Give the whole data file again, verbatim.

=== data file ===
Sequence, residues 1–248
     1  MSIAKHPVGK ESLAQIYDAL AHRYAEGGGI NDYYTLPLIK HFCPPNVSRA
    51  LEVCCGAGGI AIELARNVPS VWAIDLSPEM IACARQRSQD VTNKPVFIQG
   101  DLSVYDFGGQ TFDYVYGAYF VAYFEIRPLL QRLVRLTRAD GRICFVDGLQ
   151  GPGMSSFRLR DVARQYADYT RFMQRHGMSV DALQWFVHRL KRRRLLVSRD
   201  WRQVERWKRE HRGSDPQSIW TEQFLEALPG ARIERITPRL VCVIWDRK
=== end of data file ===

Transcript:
Sequence, residues 1–248
     1  MSIAKHPVGK ESLAQIYDAL AHRYAEGGGI NDYYTLPLIK HFCPPNVSRA
    51  LEVCCGAGGI AIELARNVPS VWAIDLSPEM IACARQRSQD VTNKPVFIQG
   101  DLSVYDFGGQ TFDYVYGAYF VAYFEIRPLL QRLVRLTRAD GRICFVDGLQ
   151  GPGMSSFRLR DVARQYADYT RFMQRHGMSV DALQWFVHRL KRRRLLVSRD
   201  WRQVERWKRE HRGSDPQSIW TEQFLEALPG ARIERITPRL VCVIWDRK